The ‘haunted house’ movie is a staple of the horror genre. From The Uninvited and The Haunting to the more recent Insidious, each generation of horror fans can claim their own classic. For 80’s kids, Poltergeist was our haunted house classic. The 1982 movie brought together an impressive collection of talent. Tobe Hooper (Texas Chainsaw Massacre) directed from a story penned by producer Steven Spielberg. Legendary composer Jerry Goldsmith (The Omen) scored the move. Given this talent, it’s not suprising that Poltergeist went on to become a box office and critical success.
Poltergeist Balanced Its Horror With Heart
To date, numerous sources have debated just how much creative control Tobe Hooper had over Poltergeist. I won’t bother re-hashing that discussion because, truth be told, I have no idea. Regardless of the stories, Poltergeist clearly balances Hooper’s penchant for intense horror with Spielberg’s more whimsical family touches. And Poltergeist is a better haunted house movie as a result of this fusion. Both likable and relatable, it’s easy to sympathize with the Freeling Family’s plight. Much of this relatability can be chalked up to the excellent casting. Both Craig T Nelson and JoBeth Williams invest their roles with a requisite ‘every-person’ conceit. Their fear and desperation for their children’s welfare feels real. To his credit, Hooper also wisely holds back the horror, allowing the audience to spend some time with the Freelings.
With regards to the horror itself, Hooper aptly balances jump scares with sustained tension and stakes. Poltergeist excels at pacing its jolts and family drama. Moreover, Hooper rarely leans on tired haunted house movie tropes. That is, Poltergeist boasts a wild inventiveness with its supernatural visuals. Though some of its special effects may be dated, Poltergeist’s supernatural ‘baddies’ hold up well. From tree monsters to cavernous closets, Poltergeist turns completely banal aspects of suburban life into nightmares.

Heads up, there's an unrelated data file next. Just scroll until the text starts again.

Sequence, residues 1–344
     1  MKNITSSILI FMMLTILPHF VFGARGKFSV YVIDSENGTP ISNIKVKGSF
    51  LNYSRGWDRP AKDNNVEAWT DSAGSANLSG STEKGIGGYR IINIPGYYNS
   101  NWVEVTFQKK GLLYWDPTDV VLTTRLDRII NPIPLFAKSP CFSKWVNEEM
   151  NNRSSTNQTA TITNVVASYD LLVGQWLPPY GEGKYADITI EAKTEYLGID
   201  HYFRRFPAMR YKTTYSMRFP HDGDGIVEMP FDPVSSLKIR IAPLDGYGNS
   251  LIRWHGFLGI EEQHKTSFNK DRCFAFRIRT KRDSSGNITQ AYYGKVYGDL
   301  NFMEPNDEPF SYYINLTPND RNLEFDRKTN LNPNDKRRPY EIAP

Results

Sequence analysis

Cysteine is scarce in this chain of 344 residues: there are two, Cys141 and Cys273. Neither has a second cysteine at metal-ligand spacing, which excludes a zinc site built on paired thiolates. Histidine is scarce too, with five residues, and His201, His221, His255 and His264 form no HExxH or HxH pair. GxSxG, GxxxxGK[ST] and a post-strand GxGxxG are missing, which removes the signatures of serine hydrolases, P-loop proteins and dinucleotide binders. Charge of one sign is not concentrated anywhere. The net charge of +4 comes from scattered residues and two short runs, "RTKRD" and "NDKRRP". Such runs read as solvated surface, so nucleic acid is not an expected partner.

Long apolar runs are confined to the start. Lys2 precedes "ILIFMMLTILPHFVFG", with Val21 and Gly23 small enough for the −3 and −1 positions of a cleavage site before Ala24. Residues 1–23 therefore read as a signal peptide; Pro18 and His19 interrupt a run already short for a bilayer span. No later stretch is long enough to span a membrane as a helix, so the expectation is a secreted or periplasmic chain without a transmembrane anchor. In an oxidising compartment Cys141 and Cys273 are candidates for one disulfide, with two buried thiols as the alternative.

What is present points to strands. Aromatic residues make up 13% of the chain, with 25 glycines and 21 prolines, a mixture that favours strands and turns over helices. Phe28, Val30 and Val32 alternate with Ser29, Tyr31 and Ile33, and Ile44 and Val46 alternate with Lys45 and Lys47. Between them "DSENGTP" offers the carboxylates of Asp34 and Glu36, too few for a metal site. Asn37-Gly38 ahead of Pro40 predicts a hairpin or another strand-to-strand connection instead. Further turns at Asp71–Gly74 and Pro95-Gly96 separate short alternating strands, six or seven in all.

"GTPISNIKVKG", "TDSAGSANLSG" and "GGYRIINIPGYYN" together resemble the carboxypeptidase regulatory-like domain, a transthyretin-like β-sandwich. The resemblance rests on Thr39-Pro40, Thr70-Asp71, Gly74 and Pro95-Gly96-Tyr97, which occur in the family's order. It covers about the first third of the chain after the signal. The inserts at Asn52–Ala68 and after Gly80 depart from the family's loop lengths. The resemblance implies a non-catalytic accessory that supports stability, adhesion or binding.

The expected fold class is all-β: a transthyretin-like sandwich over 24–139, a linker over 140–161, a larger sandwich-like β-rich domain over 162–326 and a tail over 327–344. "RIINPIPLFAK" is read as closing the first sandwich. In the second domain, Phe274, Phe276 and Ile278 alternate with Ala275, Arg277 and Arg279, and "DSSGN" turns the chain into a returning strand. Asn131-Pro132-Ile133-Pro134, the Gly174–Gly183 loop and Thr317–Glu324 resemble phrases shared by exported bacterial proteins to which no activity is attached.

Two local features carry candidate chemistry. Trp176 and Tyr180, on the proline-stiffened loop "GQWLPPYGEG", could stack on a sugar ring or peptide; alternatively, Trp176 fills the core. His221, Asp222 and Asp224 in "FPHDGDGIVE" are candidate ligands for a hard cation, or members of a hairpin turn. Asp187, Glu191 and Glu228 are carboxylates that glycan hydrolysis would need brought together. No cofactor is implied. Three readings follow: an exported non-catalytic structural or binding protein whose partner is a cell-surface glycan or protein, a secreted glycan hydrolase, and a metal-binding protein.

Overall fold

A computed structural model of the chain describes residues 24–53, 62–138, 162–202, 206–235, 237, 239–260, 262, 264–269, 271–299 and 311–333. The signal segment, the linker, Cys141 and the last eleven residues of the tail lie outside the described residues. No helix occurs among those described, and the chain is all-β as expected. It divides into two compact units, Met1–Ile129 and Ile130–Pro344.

Poltergeist Was Rated What?
For a lot of kids raised in the 1980’s, Poltergeist may have been their introduction to the horror genre. As the story goes, the Motion Picture Association of America initially tagged the haunted house movie with an R-rating. Hooper and Spielberg talked them down to a PG-rating. Yes, that’s right. Poltergeist was rated Parental Guidance in 1982. If kids weren’t traumatized by caskets and decomposed corpses popping up then the face-peeling scene probably did it. In spite of its occasional Spielberg-esque tone, Poltergeist is a horror movie through and through.
A lot of ‘kid-friendly’ movies released in the late 1970’s and early 1980’s would raise eyebrows today.
Much of the discrepancy between its rating and content can be attributed to the timing of its release. Following the dissolution of the Hays Code over the 1960’s, filmmakers proceeded to push boundaries. Movies like The Exorcist, Last Tango in Paris, and The Godfather railed against previous Hollywood taboos. The MPAA struggled to keep up with changing social norms and a new generation of auteur filmmakers. A lot of ‘kid-friendly’ movies released in the late 1970’s and early 1980’s would raise eyebrows today. Eventually, in 1984, the MPAA introduced the PG-13 rating in response to movies like Indiana Jones and the Temple of Doom and Gremlins. Fortunately for budding horror fans, Hooper and Spielberg released Poltergeist in the midst of that gap.
A Master’s Class In Suspense
Poltergeist remains a classic because it also understood that clever visuals alone don’t add up to a scary movie. Two scenes in particular demonstrate how the movie has managed to retain its power to terrify. At some point, most kids have been afraid of thunderstorms. When you’re a child, ordinary things become menacing in the dark. Hooper’s ‘tree monster’ scene brilliantly combines the simple act of counting down thunder with Goldsmith’s crescendoing score to produce one of the best haunted house scares filmed.
Poltergeist remains a classic because it also understood that clever visuals alone don’t add up to a scary movie.
Clowns may be scary, but that’s not why the second scene works so well. First, Hooper sets this scare up much earlier in the movie. You know it’s coming at some point. When Robbie Freeling pulls up the bed skirt and peers under each side of the bed, you definitely know what’s coming. But Hooper still sticks the jump scare perfectly, paying off what’s a meticulously developed scene. Subsequent horror movies have imitated the set-up with diminished results.
“You Only Moved The Headstones”
Poltergeist hasn’t remained a classic by accident. This haunted house film does a lot of things very well. Arguably, Poltergeist still resonates with audiences because it understands the things that frighten us the most. It turns the ordinary things that surround us into the things that fuel our nightsmares.